GR: That was the conversation. You know, it sounds like all we’re talking about is this character naked. (laughs)

But that conversation is so indicative of how we work together, because Michael raised a fair point and my counter was, we cannot flinch. It needs to be honest. Especially when you’re talking about a sci-fi setting or a fantasy setting, honesty is crucial. If the reader at any point thinks that you’re cheating, you’re going to lose them. Because you’re asking them to buy all this other stuff that is patently not true.

ML: In having this conversation, I can’t help but think about the mini-controversy that’s going on with the new Star Trek movie with the underwear scene. J.J. Abrams has had to come out and apologize for the woman stripping down to her underwear, which was completely gratuitous. Even he said, “Yeah. It was completely gratuitous. Sorry.”

We don’t want to be those guys. And that’s one of the reasons I like working with Greg, because Greg will never be that guy.

GR: Or if we end up being those guys, it will be entirely accidental. Mistakes will happen. We’re not going to catch everything that happens in our storytelling. We’re going to screw things up. I know I do.

ML: Yeah, but we’re not going to have some woman running around in her underwear just to have some woman running around in her underwear. That’s my point.

GR: Our interest in cheesecake is limited.

MSG: I think it’s fascinating the amount of thought and discussion that you guys put into just even a two or three-page sequence.

ML: It’s got a point to it though. I don’t think a lot of people who read comics are consciously aware of the fact that at least in the hands of a good creative team — which I hope we will turn out to be — the real story is going happen somewhere between the pictures and the words. The action of a comic doesn’t take place inside the panels. The action of a comic takes place in the gutters, between the panels. You see the beginning and the end of the motion. The motion itself happens in-between those panels, which is not something most people realize.

What we’re trying to get at is somewhere between the words and the pictures. When Greg writes his pages — yeah, it may only be three pages — it may not be that important how the towel looks on her, but what we’re trying to say in the scene is important. So, it is an important discussion. It does all matter. I know what Greg is trying to say in this scene. The characters never say it.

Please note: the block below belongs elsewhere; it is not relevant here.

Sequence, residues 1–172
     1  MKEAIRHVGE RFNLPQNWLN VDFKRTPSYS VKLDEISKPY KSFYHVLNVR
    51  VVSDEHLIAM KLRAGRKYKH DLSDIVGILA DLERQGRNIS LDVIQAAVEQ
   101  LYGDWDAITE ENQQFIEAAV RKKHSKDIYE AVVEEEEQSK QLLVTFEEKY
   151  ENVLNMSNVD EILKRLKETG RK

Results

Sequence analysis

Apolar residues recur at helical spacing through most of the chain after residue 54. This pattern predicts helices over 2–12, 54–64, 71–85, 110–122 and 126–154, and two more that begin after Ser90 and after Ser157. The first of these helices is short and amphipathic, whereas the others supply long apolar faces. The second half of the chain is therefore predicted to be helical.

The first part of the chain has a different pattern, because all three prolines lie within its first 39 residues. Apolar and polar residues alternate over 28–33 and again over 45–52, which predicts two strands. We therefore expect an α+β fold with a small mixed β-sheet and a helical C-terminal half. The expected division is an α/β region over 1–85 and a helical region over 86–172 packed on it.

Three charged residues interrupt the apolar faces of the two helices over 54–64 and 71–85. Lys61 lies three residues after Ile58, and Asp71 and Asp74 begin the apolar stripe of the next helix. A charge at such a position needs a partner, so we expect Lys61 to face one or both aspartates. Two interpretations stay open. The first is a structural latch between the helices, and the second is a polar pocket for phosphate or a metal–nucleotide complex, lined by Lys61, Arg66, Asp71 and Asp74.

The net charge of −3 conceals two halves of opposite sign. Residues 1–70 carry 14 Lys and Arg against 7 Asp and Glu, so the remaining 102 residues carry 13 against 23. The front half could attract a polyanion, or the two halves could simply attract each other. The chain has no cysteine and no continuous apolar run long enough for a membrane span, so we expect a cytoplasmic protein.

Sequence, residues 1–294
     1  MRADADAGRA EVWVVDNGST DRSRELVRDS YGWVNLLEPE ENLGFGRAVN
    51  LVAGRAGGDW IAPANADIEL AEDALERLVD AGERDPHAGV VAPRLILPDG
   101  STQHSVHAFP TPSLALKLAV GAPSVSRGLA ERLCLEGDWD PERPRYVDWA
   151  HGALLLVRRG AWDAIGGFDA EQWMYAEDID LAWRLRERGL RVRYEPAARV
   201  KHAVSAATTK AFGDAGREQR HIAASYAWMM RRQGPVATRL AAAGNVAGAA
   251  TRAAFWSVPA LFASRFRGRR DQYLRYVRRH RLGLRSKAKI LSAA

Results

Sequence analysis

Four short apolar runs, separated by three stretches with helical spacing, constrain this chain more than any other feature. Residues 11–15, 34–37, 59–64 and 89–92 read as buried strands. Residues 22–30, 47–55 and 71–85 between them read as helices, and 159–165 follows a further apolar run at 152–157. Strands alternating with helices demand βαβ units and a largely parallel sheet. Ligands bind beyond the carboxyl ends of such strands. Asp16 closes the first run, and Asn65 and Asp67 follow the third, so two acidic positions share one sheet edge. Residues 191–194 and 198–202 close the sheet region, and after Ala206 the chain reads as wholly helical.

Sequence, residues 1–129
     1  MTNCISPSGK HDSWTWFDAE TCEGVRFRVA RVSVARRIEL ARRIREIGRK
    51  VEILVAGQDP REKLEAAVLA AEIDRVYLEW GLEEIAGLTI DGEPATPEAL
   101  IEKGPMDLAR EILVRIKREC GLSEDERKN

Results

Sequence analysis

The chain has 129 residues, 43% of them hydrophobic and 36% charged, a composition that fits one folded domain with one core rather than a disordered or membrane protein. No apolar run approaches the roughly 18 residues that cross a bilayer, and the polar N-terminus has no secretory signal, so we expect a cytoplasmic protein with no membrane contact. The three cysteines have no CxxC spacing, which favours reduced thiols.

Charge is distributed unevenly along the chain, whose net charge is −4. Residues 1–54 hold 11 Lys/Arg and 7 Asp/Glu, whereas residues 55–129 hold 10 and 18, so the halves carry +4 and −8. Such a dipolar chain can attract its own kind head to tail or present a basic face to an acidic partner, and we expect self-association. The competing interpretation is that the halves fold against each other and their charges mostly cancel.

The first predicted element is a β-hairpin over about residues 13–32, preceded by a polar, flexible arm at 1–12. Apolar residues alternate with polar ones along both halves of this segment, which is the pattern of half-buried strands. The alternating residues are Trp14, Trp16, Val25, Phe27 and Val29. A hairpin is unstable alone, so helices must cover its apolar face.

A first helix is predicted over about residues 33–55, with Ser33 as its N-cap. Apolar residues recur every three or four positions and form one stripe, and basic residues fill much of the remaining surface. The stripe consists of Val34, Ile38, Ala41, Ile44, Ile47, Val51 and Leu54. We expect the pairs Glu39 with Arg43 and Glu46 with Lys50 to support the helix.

GR: The subtext in that scene is enormous.

ML: Yeah, and I can see when he’s doing that, which is one of the reasons I like working with him. I have to get that right, otherwise it’s just a scene of a chick in a towel.

image9MSG: So, guys, any last words or special teases for the Comicosity audience?

ML: It’s going to be all chicks in towels! They might be naked. We haven’t decided yet! (laughs) Check it out!

GR: I am having so much fun with this book and am working so hard on it. I can’t remember the last time I worked so hard on my scripts. I have to go back to the Batwoman stuff with J.H. Williams. To me, this is very reminiscent of that collaboration. I am really excited for this book to go out into the world.

Final order cut-off is June 3. If you are interested in the book, please pre-order! Please, please! It helps. This is a creator-owned endeavor, and Michael and I have bills on top of everything else, so if people don’t show up, we’re kind of SOL.

ML: And this is the first creator-owned book I’ve done in over twenty years! I was thinking about that this morning. And Scene of the Crime (with Ed Brubaker) was creator-owned, but that was not the same beast that this is. Scene of the Crime was only four issues. This is maybe the book I’ll do until I retire. If it sells enough, it will be.

MSG: That’s exciting!

ML: Exciting and a little daunting!

Greg Rucka and Michael Lark resume their collaboration on their first creator-owned series together, Lazarus, arriving to comic book shops from Image Comics on June 26, 2013. Greg also recently spoke to Comicosity about his web comic and Kickstarter campaign for Lady Sabre and the Pirates of the Ineffable Aether.